Elders React To The Oculus Rift

Watch the Elders React to new technology as they dive into virtual reality using the Oculus Rift.


[via finebros]


Connect Four Robot

MIT student Patrick Mccabe made a robot that can play Connect Four. If you want to build one yourself, you can find more information on his website.

Connect Four Robot Built At MIT

[via the world’s best ever]


Ballad of a WiFi Hero

Ballad of a WiFi Hero is an exclusive animated adaptation of the famed McSweeney’s Internet Tendency piece, “In Which I Fix My Girlfriend’s Grandparents’ WiFi and Am Hailed as a Conquering Hero,” by Mike Lacher. Rejoice!

Ballad of a WiFi Hero (McSweeney's and Vulture Exclusive)

[via reddit]


Origins of User Interface Symbols [Infographic]

We all use the play, pause and power buttons a couple of times a day. But how did these symbols come into existence?

click to enlarge

[Via visual.ly]


“Box” Projection Mapping

Projection mapping is the art of using physical objects as display surfaces and turning them into something else visually. This video of Box is an impressive demonstration of the technology.

[via geek.com]


The evolution of the PlayStation controller [Infographic]

PSMania made an infographic that shows the evolution of the PlayStation controller, from the PS1 up to the PS4.

PS controller

[Via PSMania]


Phone Button Layout

Why are phone buttons laid out as they are? Sarah Wiseman discusses.

Phone Buttons – Numberphile

[via numberphile]


Polybius, A Song Played on Old Hard Drives and Video Game Consoles

Scottish artist and filmmaker James Houston utilises dead media as a musical instrument in this latest video with Julian Corrie who wrote and performs the song.

[via laughingsquid]


Punch Card Programming

How did punch card systems work? Professor Brailsford delves further into the era of mainframe computing with this hands-on look at punch cards.

Punch Card Programming – Computerphile

[Via Computerphile]


MoG Weekend Project: Android Missile Launcher App

It has been a while since the last MoG Weekend Project, but I think this project is more exciting than the previous project. It is an Android Missile Launcher app.


A few months ago I received a USB Missile Launcher as a gift. For those that are not familiar with the toy, you can aim and shoot the missiles using a little program on your computer. Although, this is already fun to do (especially in the office and at LAN parties), I still had the feeling the product could be improved.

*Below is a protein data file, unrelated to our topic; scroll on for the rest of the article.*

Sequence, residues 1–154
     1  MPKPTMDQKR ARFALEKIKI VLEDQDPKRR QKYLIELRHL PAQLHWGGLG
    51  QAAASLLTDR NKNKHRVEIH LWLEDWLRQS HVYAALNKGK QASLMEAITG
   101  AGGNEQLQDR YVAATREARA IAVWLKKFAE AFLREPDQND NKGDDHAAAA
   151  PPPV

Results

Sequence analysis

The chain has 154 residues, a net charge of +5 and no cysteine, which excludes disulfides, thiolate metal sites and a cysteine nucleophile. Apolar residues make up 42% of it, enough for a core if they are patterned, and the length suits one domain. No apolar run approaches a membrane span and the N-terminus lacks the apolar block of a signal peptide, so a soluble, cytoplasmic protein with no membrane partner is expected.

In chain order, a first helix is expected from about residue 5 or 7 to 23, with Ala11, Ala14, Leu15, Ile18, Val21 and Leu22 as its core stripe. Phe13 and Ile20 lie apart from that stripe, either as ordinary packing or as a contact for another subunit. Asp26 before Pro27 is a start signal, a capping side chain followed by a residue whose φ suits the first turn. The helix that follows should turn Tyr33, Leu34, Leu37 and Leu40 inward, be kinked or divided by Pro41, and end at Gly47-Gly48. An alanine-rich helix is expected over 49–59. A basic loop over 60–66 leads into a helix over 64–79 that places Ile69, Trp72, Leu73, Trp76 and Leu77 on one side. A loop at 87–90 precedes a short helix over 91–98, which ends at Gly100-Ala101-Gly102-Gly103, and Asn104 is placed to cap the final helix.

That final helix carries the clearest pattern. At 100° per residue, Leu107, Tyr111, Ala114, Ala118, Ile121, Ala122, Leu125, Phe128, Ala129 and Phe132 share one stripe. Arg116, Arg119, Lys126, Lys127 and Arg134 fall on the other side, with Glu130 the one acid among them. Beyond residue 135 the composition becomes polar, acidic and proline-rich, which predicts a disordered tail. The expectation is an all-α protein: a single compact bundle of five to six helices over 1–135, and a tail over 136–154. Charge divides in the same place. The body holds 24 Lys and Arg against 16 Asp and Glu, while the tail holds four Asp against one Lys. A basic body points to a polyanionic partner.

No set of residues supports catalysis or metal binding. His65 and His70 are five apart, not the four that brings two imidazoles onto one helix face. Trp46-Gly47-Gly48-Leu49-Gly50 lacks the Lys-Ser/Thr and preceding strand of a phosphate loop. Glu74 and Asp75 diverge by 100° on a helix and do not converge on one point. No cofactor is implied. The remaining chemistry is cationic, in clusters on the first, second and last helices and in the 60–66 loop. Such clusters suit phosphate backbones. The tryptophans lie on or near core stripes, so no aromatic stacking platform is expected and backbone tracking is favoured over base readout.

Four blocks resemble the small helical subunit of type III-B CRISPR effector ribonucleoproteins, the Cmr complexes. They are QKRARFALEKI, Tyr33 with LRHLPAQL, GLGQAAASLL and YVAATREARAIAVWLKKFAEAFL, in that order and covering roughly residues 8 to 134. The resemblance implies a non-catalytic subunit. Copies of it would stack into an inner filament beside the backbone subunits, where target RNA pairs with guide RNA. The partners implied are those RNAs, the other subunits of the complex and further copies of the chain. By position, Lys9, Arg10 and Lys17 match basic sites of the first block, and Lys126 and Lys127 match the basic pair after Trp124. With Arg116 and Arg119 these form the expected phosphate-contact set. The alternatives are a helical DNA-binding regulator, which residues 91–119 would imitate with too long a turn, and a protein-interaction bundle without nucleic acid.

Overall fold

So, I decided to develop an Android app that lets you control the missile launcher from a distance. This required two applications: a server running on the PC the launcher is connected to and a client Android app that would send the commands to the server.

For the server, I found some custom Linux drivers for USB Missile Launcher, but those did not seem to work for my Missile Launcher (Winbonds Electronics with device ID 0416:9391). I already started debugging the USB commands send to the device myself, when I stumbled upon this fork by Zakaria ElQotbi of the pymissile software. This Python program contained all the USB commands for my missile launcher, a command-line interface and even contained a UDP server. After, I improved the server a bit, it was time to start with the Android.

Missile Launcher App

The Android Missile Launcher app

I did not have much experience with the Android SDK before I started this project, luckily the app is not too difficult. It is sends some commands over UDP and has a simple user interface. The movement of the missile launcher can be controlled with the arrows. The movement starts when one of the arrows in pressed and stops as soon as it is released. The missiles can be launched using the launch button. It will keep launching all the missiles until the stop button (the blue dot between the arrows) is pressed. Check the video below for a demonstration:

Android Missile Launcher app

There are still a couple of things I plan to improve. First, I want to implement a on-screen joystick, so you are able to make “diagonal” movements. Second, pymissile lacks some safety measures, it is possible to turn the missile launcher further than it should and jam it. I want to put those back in.

If you also have the Winbonds Electronics USB Missile Launcher (sold as Satzuma UML100 or Nipco UML100) and want to give it a try, the APK is available here (source@github) and the server (with instructions) is available here.